Fact-Checking Vaccine Statements in the GOP Debate | eSkeptic

Nurse Administers a Vaccine. This image was released by the National Cancer Institute, an agency part of the National Institutes of Health. This work has been released into the public domain by its author, Rhoda Baer (Photographer). See: https://commons.wikimedia.org/wiki/File:Nurse_administers_a_vaccine.jpg
About this week’s eSkeptic
"In this week’s eSkeptic, Harriet Hall examines the statements about vaccinesmade by four candidates in the recent GOP debate. They all demonstrated a poor grasp of vaccine science, and advocated delays in the vaccine schedule that would represent a danger to the young, the immunocompromised, and to the herd immunity that is a mainstay of our public health."
Dr. Harriet Hall, MD, the SkepDoc, is a retired family physician and Air Force Colonel living in Puyallup, WA. She writes about alternative medicine, pseudoscience, quackery, and critical thinking. She is a contributing editor to bothSkeptic and Skeptical Inquirer, an advisor to the Quackwatch website, and an editor of Sciencebasedmedicine.org, where she writes an article every Tuesday. She is author of Women Aren’t Supposed to Fly: The Memoirs of a Female Flight Surgeon. Her website is www.skepdoc.info.

Fact-Checking Vaccine Statements in the GOP Debate

1.Carson, a retired pediatric neurosurgeon, said that there have been numerous studies and they have not demonstrated any correlation between vaccines and autism. TRUE.
He said certain vaccines are very important: those that would prevent death or crippling. He said others don’t fit in that category. FALSE. Although some vaccine-preventable diseases have the potential to do more harm than others, there is not a single vaccine that doesn’t prevent a disease that can cripple or kill a percentage of its victims.
He said there should be some discretion. NOT SUPPORTED BY EVIDENCE. There is no reason to think “discretion” is warranted in following the recommended vaccine schedule, and there is clear evidence that not following the recommendations can lead to harm. If vaccines are delayed, the infant remains susceptible to a preventable disease until the vaccine is given. Decreasing the number of vaccinated children decreases the herd immunity of the entire population. It means that when a disease enters a community it is more likely to spread, and that harms 3 categories of people: infants too young to have been vaccinated for that disease; sick, elderly, and immunocompromised people who are more susceptible to infection and more likely to sustain serious harm if they catch the disease; and the small percentage of immunized people who may still be susceptible despite the vaccines, which are not 100% protective.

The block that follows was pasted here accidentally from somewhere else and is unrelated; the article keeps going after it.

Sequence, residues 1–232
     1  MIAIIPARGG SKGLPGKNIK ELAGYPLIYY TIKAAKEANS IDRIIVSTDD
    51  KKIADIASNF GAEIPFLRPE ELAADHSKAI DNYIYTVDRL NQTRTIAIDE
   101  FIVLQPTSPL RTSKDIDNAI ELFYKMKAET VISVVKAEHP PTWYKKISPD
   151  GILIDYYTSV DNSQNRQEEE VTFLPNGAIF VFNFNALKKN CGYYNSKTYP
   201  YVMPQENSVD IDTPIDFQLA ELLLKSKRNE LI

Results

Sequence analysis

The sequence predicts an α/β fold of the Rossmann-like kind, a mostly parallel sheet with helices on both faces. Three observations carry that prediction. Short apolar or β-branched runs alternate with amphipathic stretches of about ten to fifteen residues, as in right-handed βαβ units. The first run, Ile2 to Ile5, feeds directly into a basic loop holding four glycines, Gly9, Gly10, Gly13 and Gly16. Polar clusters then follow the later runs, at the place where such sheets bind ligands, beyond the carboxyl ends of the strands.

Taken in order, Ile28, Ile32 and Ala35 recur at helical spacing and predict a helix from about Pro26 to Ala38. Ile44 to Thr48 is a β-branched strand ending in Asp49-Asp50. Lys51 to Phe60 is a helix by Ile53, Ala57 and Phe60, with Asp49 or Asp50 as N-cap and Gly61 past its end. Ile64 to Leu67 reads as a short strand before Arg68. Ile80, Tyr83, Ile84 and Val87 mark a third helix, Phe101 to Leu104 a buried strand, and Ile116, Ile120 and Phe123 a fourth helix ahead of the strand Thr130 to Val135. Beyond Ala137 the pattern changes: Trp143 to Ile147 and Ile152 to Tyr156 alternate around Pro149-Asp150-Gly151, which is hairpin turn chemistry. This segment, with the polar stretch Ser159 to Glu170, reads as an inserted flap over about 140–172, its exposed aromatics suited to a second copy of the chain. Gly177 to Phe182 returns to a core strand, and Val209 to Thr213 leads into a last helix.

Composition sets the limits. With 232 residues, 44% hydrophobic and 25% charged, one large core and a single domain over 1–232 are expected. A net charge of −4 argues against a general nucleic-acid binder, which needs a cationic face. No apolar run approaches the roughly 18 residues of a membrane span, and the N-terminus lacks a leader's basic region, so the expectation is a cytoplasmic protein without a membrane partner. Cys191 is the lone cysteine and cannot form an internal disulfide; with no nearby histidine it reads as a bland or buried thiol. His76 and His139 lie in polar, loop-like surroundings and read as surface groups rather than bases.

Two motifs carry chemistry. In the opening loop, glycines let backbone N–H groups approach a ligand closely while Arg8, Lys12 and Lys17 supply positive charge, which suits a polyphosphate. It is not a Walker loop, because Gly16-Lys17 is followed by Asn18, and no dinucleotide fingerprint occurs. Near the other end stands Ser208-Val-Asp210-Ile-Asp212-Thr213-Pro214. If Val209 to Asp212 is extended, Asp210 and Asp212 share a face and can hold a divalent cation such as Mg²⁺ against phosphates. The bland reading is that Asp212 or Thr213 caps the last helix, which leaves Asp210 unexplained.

He said “but you know, a lot of this is pushed by big government.” NOT SUPPORTED BY EVIDENCE. In fact, I don’t even know what he means. It is not “big government” that supports the current vaccine schedule, but the scientific and medical community.
2.Trump responded to Carson, saying autism has become an epidemic that has gotten totally out of control. FALSE. Most scientists interpret the evidence as showing the rate of autism has risen very little or not at all. The perception of an “epidemic” is due to wider awareness of the disorder, better identification of patients, and re-categorization of children who formerly would have had a different diagnosis. . .

Read more:

Tuesday, September 22, 2015

StarTalk Radio: A Conversation with Edward Snowden (Part 1)

Neil deGrasse Tyson chats with whistleblower Edward Snowden via robotic telepresence from Moscow. In Part 1, they discuss Isaac Newton, knowledge and learning, the Periodic Table, encryption and privacy, and much more.

FRONTLINE: Bush's War (Part 1)

Bush's War Part 1

2009 Emmy Winner: FRONTLINE unfolds the saga of the invasion of Iraq in a two-part series.

Monday, September 21, 2015

Talk Nerdy Episode 80 - Steven Paul Leiva

Cara is joined by independent author Steven Paul Leiva ("Traveling In Space") to talk about the power of storytelling, the difference between genre fiction and literary fiction, and why it's okay to be a nerd, even if you aren't all that into sci-fi.